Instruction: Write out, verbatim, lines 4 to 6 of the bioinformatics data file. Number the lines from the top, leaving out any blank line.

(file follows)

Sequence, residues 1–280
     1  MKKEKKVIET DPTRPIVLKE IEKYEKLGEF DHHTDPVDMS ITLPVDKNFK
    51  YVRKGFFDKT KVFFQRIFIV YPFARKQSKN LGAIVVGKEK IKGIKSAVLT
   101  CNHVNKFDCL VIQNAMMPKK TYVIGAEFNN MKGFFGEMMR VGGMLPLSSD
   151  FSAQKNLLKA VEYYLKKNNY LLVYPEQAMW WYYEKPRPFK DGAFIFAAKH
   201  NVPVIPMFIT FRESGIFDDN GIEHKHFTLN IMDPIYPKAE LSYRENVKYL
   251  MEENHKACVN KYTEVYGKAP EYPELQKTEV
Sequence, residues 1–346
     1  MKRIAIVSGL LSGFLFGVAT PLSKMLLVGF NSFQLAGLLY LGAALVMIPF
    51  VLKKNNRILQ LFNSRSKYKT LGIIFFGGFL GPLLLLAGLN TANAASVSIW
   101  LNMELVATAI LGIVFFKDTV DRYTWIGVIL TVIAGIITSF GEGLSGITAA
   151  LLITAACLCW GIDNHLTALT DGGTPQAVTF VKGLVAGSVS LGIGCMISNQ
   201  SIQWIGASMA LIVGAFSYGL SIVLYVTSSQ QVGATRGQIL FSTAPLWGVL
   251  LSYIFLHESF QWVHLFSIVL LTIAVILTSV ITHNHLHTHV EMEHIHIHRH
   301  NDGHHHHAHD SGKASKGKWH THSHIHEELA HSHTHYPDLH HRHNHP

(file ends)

   101  CNHVNKFDCL VIQNAMMPKK TYVIGAEFNN MKGFFGEMMR VGGMLPLSSD
   151  FSAQKNLLKA VEYYLKKNNY LLVYPEQAMW WYYEKPRPFK DGAFIFAAKH
   201  NVPVIPMFIT FRESGIFDDN GIEHKHFTLN IMDPIYPKAE LSYRENVKYL